Germany has declared Antwerp in northern Belgium a high-risk area amid an increase in coronavirus cases. The province has recorded more coronavirus cases than any other region in Belgium.
Germany's Foreign Ministry on Wednesday cautioned citizens from non-essential travel to the Belgian province of Antwerp, citing "renewed high infection numbers."
"Numbers of new infections and deaths have been rising since the end of July, especially in the Antwerp province," the Foreign Ministry wrote.
The proportion of cases in the northern province, which does not share a border with Germany, has risen to 50 cases per 100,000 residents, Germany's Foreign Ministry said. The Robert Koch Institute, Germany's public health authority, classifies such regions with such a proportion as "risk areas."
Travelers returning to Germany from the region would be obliged to self-isolate for 14 days, unless they could provide a fresh, negative COVID-19 test.
Slight uptick in Belgium
Belgium has slightly above average per capita infection and mortality rates in Europe, although it fares considerably worse by the numbers than Germany itself.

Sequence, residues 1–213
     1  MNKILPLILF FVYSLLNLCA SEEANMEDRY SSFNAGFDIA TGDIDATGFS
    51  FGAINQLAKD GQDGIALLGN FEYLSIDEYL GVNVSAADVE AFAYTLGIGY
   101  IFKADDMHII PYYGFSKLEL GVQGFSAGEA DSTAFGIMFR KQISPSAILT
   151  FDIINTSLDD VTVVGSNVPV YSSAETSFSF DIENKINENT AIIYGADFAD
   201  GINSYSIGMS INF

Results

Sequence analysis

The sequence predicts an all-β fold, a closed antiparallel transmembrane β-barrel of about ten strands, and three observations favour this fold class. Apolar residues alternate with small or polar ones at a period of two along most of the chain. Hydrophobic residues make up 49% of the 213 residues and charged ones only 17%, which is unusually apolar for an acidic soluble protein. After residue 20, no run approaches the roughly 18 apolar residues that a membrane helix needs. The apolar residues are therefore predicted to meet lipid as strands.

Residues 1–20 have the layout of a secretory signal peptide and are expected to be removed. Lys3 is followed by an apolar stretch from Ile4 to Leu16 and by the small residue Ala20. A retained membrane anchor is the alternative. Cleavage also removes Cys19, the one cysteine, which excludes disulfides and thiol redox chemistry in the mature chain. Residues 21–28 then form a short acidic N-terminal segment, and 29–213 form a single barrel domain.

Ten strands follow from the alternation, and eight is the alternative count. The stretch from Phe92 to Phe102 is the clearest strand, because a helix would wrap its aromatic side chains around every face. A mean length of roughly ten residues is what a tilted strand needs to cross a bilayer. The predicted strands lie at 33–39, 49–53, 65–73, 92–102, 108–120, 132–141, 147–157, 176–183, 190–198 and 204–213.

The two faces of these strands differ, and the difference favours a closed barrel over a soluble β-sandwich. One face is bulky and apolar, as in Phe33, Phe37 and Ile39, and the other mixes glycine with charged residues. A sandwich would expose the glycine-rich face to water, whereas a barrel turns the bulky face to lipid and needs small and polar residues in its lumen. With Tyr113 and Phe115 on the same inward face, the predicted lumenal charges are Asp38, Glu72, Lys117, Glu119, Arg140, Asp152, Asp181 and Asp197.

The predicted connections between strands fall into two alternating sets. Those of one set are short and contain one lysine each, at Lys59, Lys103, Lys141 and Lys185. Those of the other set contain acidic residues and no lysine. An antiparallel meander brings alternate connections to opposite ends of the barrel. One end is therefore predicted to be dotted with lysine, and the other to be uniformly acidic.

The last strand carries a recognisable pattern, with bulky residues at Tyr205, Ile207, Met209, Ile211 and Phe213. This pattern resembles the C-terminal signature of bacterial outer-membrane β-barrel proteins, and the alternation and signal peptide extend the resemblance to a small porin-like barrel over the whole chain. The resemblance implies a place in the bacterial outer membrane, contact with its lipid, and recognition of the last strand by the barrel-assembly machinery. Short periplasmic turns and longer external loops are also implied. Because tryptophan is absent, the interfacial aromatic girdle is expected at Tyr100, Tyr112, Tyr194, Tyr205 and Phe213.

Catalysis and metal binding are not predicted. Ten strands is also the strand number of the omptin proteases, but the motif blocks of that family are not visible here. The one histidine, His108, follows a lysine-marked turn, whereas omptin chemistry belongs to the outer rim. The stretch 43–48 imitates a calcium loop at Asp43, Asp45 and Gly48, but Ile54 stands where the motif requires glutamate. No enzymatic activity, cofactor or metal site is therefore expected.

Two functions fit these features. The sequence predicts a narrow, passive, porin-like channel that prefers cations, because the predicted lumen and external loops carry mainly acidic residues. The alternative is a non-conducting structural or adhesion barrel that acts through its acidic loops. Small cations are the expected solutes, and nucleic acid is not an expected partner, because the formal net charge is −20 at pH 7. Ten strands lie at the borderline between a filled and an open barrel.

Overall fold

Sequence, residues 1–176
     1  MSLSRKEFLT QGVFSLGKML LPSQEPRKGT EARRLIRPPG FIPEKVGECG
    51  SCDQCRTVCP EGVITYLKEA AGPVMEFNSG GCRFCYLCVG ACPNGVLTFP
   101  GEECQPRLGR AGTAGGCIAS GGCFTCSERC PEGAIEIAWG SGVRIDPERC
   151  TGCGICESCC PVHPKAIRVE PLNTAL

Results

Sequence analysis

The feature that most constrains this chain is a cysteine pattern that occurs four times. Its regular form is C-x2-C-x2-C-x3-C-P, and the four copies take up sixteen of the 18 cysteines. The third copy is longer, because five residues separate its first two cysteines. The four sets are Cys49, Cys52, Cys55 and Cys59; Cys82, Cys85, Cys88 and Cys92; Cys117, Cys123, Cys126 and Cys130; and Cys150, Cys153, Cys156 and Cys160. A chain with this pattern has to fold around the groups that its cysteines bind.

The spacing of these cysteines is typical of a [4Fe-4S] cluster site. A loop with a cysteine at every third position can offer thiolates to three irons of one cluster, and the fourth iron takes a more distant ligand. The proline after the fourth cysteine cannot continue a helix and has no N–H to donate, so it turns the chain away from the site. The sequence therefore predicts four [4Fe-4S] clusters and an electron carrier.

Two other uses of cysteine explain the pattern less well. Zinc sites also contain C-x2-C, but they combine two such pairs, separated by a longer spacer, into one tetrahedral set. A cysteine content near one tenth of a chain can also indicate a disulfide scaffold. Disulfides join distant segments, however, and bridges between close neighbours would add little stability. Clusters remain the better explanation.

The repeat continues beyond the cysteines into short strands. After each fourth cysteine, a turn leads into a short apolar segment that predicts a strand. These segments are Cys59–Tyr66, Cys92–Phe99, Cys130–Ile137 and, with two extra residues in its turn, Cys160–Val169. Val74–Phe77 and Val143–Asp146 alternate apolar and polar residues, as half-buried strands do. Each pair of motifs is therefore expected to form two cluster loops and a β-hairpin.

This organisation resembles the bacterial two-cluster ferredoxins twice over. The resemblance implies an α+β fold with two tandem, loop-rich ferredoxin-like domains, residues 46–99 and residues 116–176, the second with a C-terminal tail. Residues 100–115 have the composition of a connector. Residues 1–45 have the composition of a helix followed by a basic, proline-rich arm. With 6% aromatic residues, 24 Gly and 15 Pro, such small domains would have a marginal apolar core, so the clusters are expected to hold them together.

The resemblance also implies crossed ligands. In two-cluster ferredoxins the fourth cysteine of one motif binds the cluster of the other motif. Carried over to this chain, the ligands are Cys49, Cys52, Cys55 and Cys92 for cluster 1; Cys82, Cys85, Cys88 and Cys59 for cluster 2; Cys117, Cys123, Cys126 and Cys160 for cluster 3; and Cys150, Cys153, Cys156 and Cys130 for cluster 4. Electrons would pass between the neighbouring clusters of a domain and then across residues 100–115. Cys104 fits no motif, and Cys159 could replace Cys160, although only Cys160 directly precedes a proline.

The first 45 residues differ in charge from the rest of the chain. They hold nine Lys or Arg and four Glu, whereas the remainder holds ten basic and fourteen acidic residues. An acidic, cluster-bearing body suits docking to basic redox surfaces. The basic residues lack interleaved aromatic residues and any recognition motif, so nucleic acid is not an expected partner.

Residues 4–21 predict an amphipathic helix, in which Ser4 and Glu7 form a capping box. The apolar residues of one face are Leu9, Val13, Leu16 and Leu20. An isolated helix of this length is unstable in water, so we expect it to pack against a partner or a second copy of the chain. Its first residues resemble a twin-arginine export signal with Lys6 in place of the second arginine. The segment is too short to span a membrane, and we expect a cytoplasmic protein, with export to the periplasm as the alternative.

The country has seen the number of coronavirus patients admitted to intensive care units double in the past month. Belgian health officials said on Monday the epidemic was spreading "intensively" — albeit still well below the sustained levels seen in April in particular.
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Antwerp has reported more coronavirus cases than any other region in Belgium. The province, which houses Belgium's largest port, has strict mask requirements, a night curfew and a night-time ban on selling alcohol.
Due to a recent increase in new cases, back up to around 300 per day, Antwerp has made wearing masks mandatory in public places with large audiences, as well as public transport, museums and shops. Guests in pubs and restaurants must provide contact details before leaving, and shoppers are limited to 30 minutes in stores.
The Robert Koch Institute has declared 127 countries and four regions in Belgium and Spain high-risk areas for the new coronavirus. Last week, it added the Spanish regions of Aragon, Catalonia and Navarre to its list.
Germany, which has reported more than 212,000 cases and 9,000 deaths since the pandemic began, has seen a recent uptick in new cases, recording 500 infections per day on average over the past 10 days. During April, the peak of what's often considered Germany's "first wave," that daily figure was consistently north of 2,000 and sometimes above 6,000.